Police suspect theft after pensioner's mystery death

DETECTIVES investigating the mystery death of a pensioner in her sheltered accommodation are probing whether she was the victim of theft.

• Forensics officers remove evidence from Mrs Reid's flat

An inquiry has been launched into the death of Marie Reid at her home in Easter Drylaw Way after a post mortem ruled the cause of death was "inconclusive".

Neighbours of the 62-year-old said her son, Paul, had told them bank and post office cards, as well as a sum of cash, were missing when she was found.

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Residents also said they had been told patches of blood had been found on a settee in the room where Mrs Reid was lying dead. Detectives said they were unable to comment on the alleged blood find and were still trying to determine whether any property had been taken from the frail pensioner's home.

The post mortem examination found "no obvious cause of death", and officers are now waiting for the results of toxicology tests expected back in the next few days. White-suited forensic specialists spent yesterday examining Mrs Reid's home, where she has lived for the past ten years, and further tests were expected to last until the weekend.

Detective Inspector Matt Richards, who is leading the inquiry, said the pensioner had last been seen alive on November 11, four days before her body was discovered by council staff at around 7.30pm on Monday, November 15.

Det Insp Richards said: "Mrs Reid's death is being treated as unexplained. We're not certain that anything has been taken from her home, but it is something we're looking into. A lot of neighbours and friends would run errands for Mrs Reid, such as doing her shopping, because she was frail. She was known to sit in a chair at the side of her house while smoking and often spoken to people there.

"Several people have already spoke to us and given us information on her lifestyle, movements and pastimes, but we're still missing vital details on any of her movements between November 11 and the time her body was found so we're appealing to anyone who saw or spoke to her to come forward."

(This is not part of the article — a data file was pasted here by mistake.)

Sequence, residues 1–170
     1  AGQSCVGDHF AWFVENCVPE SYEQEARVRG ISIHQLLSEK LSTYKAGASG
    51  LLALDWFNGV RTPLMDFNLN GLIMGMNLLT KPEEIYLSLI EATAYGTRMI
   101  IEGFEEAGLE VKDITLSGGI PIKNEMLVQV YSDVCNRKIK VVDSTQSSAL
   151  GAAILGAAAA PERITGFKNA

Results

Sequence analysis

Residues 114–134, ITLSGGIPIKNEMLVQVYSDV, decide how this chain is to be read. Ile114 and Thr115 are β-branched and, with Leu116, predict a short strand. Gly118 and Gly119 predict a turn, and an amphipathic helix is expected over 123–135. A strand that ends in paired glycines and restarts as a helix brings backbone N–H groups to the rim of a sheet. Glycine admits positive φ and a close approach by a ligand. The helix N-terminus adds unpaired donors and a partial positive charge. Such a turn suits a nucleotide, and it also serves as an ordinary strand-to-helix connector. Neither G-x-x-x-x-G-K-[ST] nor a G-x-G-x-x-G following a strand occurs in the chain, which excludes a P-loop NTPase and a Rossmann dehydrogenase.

Mrs Reid, whose husband died around a decade ago, suffered chest problems and used a walking frame for short trips to local shops. Neighbours said she would often leave her back door unlocked all day. She was hospitalised for two weeks last Christmas due to a bout of illness.

Her home was fitted with a motion-sensitive detector which would alert council staff if she had not being moving around the property. Her next-door neighbour, John Burns, 58, a retired building worker, said: "It was at least a week before she was found when I last saw her, but her house had a sensor which set off an alarm at the council offices if she didn't move about for 24 hours.

"She must have still been alive until the day before she was found or the support workers would've been alerted. Either that or someone else was moving around her house.

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"Her son said there was blood found on her settee and her cards where missing, but he doesn't know much about what the police are doing. It's shocking to think her death might be suspicious.

Retired school janitor James Ulke, 67, who lives across the street from Mrs Reid's home, said: "I heard the ambulance arrive that night. The paramedics were inside for about 45 minutes. Then a few hours later a private ambulance arrived to take away her body. The police have been outside 24/7 ever since."

A city council spokesman said: "The council is assisting the police with their inquiries."